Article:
American Future Color plays an integral role in our lives, it make us feel emotions and we associate it with specific object and themes. For example, a dark cold blue color could make you feel sad or lonely, while a bright sunny orange could create a pleasant warm sensation. An excellent example of how color is used to show themes and progress elements of a story is in The Great Gatsby by F. Scott Fitzgerald. Fitzgerald brilliantly links colors with representative categories and manipulates them to show how the story progresses. He splits them into categories such as lifelessness, false purity, illusion, corruptness, death, and the American dream.
Jackson also uses two rhetorical appeals at the same time, ethical and emotional appeal. Jackson describes the need for civility, and the rage of anger all the way from workers with unfair wages to the discrimination of gays and lesbians. Jackson says on page 370
Introduction "The great Gatsby" takes the background of twentieth Century 20 's thriving and prosperous economy of American. The heroine Daisy is the Great Gatsby in a very key figure. She is the narrator Nick 's cousin, Tom Buchanan 's wife, Gatsby 's lover. Her white dress floats, charming, like a down to earth the holy angels, so many men for the heart, especially Gatsby. But on the other hand, her frivolous debauchery, money first, callous and like the devil general, to Gatsby an illusory fairyland, she is "a symbol of the American dream, is a typical representative of the" Jazz Age "gilded girl".
He throws overgenerous parties, hoping that the love of his life, Daisy Buchanan, attends. Gatsby’s life is filled with various colors which signify the messages Fitzgerald is trying to convey. Color symbolism plays an important role through the novel, The Great Gatsby. In the novel, the color green detonates Gatsby’s hopes and dreams, but in other characters it represents envy, jealously, and money. When Nick returns home from his cousins house, he spotted Gatsby outside on his dock: “—he stretched out his arms toward the dark water in a curious way…I glanced seaward—and distinguished nothing but a green light, that might have been at the end of a dock” (Fitzgerald 21).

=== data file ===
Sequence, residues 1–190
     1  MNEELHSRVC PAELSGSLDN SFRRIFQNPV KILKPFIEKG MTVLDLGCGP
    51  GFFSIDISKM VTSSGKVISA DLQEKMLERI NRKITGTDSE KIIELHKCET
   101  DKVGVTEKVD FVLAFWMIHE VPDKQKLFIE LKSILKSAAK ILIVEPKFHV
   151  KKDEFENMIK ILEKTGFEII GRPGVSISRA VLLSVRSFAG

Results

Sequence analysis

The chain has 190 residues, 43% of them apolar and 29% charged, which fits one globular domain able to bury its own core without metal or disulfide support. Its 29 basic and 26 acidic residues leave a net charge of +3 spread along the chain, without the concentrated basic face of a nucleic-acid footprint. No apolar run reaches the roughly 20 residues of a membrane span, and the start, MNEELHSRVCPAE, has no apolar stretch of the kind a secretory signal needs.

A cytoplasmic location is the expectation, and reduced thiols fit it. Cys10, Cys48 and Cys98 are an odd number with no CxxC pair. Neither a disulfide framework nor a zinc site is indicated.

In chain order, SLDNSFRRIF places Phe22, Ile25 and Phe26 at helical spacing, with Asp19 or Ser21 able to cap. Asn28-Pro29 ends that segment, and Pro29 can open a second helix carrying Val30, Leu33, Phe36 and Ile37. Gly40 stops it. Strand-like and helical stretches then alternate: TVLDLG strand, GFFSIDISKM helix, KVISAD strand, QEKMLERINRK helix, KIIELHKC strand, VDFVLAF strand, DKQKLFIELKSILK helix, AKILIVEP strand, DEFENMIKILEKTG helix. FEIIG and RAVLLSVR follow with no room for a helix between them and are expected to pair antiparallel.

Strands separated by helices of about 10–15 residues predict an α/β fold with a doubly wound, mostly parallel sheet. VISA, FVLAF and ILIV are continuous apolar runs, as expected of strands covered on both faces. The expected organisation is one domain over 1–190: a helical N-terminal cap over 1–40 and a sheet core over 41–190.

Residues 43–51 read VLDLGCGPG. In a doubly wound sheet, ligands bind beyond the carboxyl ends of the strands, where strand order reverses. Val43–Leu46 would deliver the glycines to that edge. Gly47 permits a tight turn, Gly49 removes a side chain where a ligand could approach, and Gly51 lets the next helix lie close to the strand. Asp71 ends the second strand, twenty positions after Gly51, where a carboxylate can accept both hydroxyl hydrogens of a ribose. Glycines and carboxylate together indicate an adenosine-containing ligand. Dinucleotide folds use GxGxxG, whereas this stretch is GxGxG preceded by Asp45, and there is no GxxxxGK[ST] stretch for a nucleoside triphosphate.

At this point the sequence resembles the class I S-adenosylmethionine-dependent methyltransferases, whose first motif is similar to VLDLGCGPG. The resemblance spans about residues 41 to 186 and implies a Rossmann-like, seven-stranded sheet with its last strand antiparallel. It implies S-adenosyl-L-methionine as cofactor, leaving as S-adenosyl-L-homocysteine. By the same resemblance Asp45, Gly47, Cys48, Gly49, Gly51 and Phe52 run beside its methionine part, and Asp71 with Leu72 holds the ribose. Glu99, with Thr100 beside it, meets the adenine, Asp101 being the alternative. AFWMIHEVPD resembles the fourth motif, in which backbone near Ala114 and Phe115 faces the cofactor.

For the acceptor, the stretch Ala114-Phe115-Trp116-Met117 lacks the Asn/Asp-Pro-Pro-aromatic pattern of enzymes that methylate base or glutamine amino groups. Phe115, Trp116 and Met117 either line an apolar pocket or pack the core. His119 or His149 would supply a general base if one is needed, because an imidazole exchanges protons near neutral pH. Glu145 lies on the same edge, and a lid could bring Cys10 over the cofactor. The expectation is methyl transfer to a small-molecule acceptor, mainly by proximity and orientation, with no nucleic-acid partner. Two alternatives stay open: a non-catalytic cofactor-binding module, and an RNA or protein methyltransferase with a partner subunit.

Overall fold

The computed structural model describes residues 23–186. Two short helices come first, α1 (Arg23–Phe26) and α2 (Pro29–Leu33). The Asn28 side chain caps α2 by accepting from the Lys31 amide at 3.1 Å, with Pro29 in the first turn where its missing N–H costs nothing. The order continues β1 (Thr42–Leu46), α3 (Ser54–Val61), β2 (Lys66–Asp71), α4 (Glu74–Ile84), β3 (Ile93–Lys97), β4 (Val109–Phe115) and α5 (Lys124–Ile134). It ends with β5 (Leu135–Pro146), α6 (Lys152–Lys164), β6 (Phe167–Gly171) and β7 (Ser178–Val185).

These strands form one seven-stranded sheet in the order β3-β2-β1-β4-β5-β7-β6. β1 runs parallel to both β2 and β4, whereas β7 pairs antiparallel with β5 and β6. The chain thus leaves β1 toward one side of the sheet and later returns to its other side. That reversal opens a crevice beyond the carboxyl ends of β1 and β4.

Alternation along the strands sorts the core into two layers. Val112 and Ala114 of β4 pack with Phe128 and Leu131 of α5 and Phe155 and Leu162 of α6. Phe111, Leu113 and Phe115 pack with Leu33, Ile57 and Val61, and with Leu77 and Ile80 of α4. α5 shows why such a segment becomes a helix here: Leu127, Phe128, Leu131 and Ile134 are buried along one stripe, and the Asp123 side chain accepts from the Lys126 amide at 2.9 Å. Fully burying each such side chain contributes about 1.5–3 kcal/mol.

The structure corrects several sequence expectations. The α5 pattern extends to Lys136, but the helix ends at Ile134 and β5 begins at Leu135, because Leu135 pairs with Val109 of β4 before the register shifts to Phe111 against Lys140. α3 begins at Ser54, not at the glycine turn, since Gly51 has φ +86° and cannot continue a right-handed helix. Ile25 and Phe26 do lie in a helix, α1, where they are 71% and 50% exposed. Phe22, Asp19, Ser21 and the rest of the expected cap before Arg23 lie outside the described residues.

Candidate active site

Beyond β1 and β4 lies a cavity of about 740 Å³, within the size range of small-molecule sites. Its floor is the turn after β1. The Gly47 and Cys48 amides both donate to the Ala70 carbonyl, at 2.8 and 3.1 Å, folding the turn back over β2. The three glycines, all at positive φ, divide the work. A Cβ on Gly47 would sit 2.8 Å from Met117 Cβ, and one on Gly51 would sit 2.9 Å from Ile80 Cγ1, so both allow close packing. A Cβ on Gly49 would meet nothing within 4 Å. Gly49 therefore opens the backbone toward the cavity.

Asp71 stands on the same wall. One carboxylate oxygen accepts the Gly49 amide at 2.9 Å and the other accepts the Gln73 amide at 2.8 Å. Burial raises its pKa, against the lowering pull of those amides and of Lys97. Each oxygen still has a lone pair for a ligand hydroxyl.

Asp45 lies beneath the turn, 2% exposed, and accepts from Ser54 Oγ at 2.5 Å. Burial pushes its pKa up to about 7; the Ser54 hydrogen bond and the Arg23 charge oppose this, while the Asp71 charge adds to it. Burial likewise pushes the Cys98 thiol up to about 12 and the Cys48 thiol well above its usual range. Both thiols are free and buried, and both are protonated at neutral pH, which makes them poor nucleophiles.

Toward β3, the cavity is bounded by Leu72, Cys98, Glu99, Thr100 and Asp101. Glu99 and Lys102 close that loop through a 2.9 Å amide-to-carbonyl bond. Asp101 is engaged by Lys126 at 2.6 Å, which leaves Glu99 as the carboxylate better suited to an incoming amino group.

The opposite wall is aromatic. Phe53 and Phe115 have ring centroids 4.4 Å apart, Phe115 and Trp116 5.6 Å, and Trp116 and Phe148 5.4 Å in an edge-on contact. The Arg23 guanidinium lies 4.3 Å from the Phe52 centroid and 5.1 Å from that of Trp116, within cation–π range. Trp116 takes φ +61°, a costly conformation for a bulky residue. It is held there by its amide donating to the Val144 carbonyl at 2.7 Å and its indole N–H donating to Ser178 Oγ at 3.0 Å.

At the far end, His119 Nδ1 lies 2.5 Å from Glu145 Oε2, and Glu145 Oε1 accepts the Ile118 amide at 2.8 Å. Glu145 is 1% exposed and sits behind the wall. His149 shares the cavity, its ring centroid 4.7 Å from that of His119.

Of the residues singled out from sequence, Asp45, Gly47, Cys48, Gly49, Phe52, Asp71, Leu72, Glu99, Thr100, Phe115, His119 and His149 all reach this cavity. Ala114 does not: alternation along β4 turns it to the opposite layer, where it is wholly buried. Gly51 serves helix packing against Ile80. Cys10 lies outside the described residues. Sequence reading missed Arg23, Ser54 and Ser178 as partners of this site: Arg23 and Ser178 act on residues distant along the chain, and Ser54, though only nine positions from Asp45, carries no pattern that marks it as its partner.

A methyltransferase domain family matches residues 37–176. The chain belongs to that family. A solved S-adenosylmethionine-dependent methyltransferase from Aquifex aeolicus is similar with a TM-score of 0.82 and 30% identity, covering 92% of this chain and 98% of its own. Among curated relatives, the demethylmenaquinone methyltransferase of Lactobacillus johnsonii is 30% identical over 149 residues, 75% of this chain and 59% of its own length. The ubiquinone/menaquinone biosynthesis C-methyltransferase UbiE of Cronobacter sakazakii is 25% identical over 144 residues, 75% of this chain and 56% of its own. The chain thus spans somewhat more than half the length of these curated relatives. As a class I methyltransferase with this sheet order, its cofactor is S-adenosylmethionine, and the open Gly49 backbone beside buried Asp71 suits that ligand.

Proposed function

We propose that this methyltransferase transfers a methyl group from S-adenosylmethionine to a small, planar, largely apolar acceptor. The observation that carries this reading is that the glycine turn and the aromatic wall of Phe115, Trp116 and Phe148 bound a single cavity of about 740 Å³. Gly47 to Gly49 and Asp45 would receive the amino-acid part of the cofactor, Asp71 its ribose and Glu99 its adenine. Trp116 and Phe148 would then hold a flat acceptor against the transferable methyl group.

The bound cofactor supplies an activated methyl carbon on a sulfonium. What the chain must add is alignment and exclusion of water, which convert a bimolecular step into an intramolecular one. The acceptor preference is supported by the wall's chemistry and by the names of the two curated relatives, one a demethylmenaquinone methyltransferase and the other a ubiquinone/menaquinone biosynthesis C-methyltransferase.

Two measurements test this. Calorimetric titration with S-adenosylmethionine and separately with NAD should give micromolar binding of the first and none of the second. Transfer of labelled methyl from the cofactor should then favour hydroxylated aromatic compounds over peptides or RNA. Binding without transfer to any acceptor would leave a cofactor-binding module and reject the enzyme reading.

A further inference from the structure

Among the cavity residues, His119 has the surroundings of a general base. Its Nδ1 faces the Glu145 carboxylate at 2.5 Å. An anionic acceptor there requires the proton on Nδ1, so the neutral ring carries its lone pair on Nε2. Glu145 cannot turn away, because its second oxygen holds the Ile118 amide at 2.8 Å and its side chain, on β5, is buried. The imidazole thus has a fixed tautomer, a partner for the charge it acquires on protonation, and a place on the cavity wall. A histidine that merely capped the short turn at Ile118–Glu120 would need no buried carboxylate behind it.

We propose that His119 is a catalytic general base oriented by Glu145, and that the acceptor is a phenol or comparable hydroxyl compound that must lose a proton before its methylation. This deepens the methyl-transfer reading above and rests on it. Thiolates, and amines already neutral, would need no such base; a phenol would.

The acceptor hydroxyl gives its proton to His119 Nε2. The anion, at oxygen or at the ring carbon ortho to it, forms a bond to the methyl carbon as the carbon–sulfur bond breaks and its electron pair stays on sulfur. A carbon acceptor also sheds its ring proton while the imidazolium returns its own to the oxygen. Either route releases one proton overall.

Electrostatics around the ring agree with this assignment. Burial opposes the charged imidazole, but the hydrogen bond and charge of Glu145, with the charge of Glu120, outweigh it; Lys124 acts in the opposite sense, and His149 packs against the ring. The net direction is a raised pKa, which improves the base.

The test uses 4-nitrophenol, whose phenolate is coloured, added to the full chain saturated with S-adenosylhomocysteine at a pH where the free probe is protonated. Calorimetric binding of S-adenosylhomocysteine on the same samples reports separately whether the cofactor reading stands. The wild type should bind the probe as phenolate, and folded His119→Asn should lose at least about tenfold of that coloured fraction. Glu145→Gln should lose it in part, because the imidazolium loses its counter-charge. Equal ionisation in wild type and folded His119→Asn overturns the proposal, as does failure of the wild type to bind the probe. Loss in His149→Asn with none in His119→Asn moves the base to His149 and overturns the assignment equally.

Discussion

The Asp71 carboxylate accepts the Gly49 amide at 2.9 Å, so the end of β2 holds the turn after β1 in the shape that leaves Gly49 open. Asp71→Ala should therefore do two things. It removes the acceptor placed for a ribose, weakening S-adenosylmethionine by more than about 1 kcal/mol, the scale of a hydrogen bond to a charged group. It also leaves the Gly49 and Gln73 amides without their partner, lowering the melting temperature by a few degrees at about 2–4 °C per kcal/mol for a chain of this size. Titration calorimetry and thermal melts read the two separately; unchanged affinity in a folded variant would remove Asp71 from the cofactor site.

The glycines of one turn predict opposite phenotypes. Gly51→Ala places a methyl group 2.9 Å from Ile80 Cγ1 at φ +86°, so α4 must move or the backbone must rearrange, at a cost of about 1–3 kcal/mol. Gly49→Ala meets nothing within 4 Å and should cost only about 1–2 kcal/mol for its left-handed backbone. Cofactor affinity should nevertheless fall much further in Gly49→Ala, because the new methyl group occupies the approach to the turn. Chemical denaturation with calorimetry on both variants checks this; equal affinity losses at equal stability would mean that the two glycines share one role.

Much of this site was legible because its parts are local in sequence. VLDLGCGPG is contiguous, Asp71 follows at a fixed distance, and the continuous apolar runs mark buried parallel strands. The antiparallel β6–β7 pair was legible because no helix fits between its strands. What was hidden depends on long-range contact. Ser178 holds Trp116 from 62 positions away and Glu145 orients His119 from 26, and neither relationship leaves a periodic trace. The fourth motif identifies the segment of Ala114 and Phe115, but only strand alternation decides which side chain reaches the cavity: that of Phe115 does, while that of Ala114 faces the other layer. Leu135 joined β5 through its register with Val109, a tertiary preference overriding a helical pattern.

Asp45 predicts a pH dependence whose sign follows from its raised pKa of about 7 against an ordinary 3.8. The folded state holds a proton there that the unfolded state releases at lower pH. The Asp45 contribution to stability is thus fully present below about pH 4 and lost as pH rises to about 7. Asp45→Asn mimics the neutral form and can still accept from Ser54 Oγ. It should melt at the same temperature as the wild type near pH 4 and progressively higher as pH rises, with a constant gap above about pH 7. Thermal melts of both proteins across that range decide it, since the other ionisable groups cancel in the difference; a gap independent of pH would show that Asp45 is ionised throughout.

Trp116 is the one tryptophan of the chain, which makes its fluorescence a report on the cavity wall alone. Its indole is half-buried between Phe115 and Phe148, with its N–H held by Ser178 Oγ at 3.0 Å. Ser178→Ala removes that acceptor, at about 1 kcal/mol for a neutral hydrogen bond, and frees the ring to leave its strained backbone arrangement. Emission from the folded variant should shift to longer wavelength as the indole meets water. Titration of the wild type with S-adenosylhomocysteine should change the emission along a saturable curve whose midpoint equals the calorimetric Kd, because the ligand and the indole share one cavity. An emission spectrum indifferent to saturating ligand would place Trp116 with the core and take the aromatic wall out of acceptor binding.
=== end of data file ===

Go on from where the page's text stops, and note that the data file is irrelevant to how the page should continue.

If you could describe your life using only colors, which colors would you choose? F. Scott Fitzgerald, author of The Great Gatsby uses colors to accentuate and describe details in his book. Additionally, he contrasts these colors to further highlight the brightness of life and hope and the painful reality of despair and loss. Although The Great Gatsby contains the endless hopeful possibilities of life with the colors yellow and green, the book ultimately sends the message of being cautious of your dreams and ends with a feeling of hopelessness as the dreams we once had fade away into black. At the beginning of the book, the Buchanan’s house is described as red and white.
Gold and money, a light in the dark, or a warning on the road; the color yellow has many diverse meanings in society and these are just a few. In The Great Gatsby by F. Scott Fitzgerald colors represent several aspects of the characters as they are swept through rollicking emotions powered by the mystery shrouding the enigmatic Jay Gatsby in the height of the Roaring Twenties. Yellow gives insight into Gatsby’s character, who he wants to be, who he is in truth, and who others think he is. The color yellow is often associated with money because it reminds people of gold. In Fitzgerald’s book, the colors gold and yellow are used interchangeably and often to connotate class or wealth.